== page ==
Barbara Havers puts her career on the line while DI Thomas Lynley attempts to straighten her out before it's too late.
When Hadiyyah Upman disappears from London in the company of her mother, Detective Sergeant Barbara Havers is as devastated as the girl's father. They are her close friends as well as neighbours, but since the child is with her mother, nothing can be done.
Five months later, Hadiyyah is kidnapped from an open air market in Lucca, Italy, and this triggers an investigation in the full glare of the media spotlight. Barbara's clever manipulation of the worst of London's tabloids forces New Scotland Yard to become involved. But rather than Barbara herself, her superior officer DI Thomas Lynley is assigned to handle a situation made delicate by racial issues, language difficulties, and the determination of an Italian magistrate to arrest and convict someone - anyone - for the crime.
©2013 Elizabeth George (P)2013 Penguin Group USA
No. As other reviewers have said, there's far too much Italian. I can read Italian a bit but couldn't follow the speech. It would have been better if the author had translated somehow where necessary because sometimes the Italian was relevant to the plot. Also the names would be easier to follow in print.
I have always loved Elizabeth George's books and grabbed this one before there were any reviews. It is a disappointment.
Her voice wasn't suitable to the book - a man would have been better. Maybe she was chosen for her Italian?
Too long and complicated for one sitting.
I am just at the end of Part 3 and no longer really care who did what to whom but am gritting my teeth to get to the end. This seems quite different from Elizabeth George's previous Lynley books and seems a bit self-indulgent.
Elizabeth George a writer whom I have admired until recently is really scraping the barrel with this one. This is a shame because she could have cut 50% of the unnecessary verbiage & possibly ended up with a half decent novel. As it stands this is painfully long and crammed with verbal detritus which badly detract from the essential storyline. I only stuck with it because of a feeling of loyalty and the constant hope that at some point she would return to form. Sadly it never happened.
Davina Porter's stiff uber plummy narration has always been a major downside to Elizabeth Georges audiobook repertoire. In this book though my patience finally snapped. The reading was ill prepared and Ms Porter's control of her material was poor but the coup de grace was her truly execrable Italian accent - each time she switched to Italian it was like listening to fingernails scraping down a blackboard! Is it too much to expect that narrators do a bit of research & preparation before the reading?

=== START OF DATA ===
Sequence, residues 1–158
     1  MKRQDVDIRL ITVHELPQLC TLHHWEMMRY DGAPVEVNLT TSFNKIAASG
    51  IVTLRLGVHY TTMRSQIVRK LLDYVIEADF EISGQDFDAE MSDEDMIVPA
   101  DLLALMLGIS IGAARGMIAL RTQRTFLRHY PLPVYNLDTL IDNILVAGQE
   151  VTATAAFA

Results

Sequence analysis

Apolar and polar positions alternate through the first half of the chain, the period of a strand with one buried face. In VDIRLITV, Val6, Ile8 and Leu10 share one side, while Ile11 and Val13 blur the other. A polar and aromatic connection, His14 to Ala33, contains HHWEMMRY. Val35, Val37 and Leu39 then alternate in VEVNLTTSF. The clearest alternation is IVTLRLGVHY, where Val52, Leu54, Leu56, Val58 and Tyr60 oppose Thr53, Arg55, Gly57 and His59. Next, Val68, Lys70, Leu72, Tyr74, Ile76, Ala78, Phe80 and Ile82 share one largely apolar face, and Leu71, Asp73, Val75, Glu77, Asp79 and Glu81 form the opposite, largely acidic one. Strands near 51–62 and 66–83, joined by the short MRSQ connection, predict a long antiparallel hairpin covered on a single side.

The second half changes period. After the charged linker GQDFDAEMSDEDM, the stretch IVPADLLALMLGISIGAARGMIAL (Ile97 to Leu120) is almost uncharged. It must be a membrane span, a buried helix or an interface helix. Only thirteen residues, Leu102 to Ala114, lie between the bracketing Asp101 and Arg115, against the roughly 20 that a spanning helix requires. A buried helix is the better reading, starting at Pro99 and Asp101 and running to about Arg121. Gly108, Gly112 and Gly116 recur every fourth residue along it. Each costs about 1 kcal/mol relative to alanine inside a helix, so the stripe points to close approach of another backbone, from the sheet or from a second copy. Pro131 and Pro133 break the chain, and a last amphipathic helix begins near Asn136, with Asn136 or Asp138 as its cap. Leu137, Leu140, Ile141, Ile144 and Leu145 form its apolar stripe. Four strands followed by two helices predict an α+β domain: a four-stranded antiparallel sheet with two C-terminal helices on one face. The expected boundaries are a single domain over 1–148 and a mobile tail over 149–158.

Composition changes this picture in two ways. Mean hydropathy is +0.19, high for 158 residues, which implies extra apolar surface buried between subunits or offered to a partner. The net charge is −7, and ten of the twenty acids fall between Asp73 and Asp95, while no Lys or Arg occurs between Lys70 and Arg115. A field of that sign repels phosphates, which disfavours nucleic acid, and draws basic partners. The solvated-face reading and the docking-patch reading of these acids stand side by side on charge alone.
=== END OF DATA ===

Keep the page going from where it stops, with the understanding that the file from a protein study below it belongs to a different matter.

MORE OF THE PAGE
I've not even finished this (still on first download section), and am already suspicious that I may not return for the rest. I've loved George's Lynley novels for a long time, although had seen a gradual downturn over the last 2-3 books. But this is a train-crash of a book.
The story: should have been interesting, as I have enjoyed the Havers/Haddiya/Azhar storyline. However the Lynley/new girlfriend thread is just not gelling at all. And now the storyline has moved to Italy - and we have the pseudo-Italian lessons. A seemingly random selection of Italian words being thrown in, with translation/context not always provided. Why on earth would the author think readers want to be distracted by this? Added to her increasing habit of pretentious use of long words and her tendency to not use 1 word where she can throw in 10.............. I'm really struggling so far.
And now we come to the narrator - OMG. The story might have just about kept me engaged (hence the 2 stars), but the performance is awful. There is a complete mangling of accents for Havers, Ardery, even Lynley, on top of the most unconvincing London accents for the minor characters that I've ever heard in 5 years of audiobook listening. Maybe the Italian accent is better to native Italian speakers, but to this untutored ear it sounds rather forced. Based on this performance, I'd actively avoid anything with this narrator in future - sorry Ms Porter.
So I'm unable to recommend this to anyone but the most die-hard of George fans, and might suggest purchasing the book rather than the audiobook. Sad to be striking a favourite author off my future purchase list.
Not necessarily. Plot was good, narration was poor..
The only sensible ending that could happen, I believe..
Crispin (who narrated Careless in Red) who was excellent.
This narrator had not prepared the significant amount of Italian spoken in the book. The pronunciation was often awful and significantly wrong in most instances and particularly important when several tracts of Italian was not translated into English. As a Brit who speaks Italian fluently, even I could not understand some of the very badly spoken phrases! Bring back Crispin I say!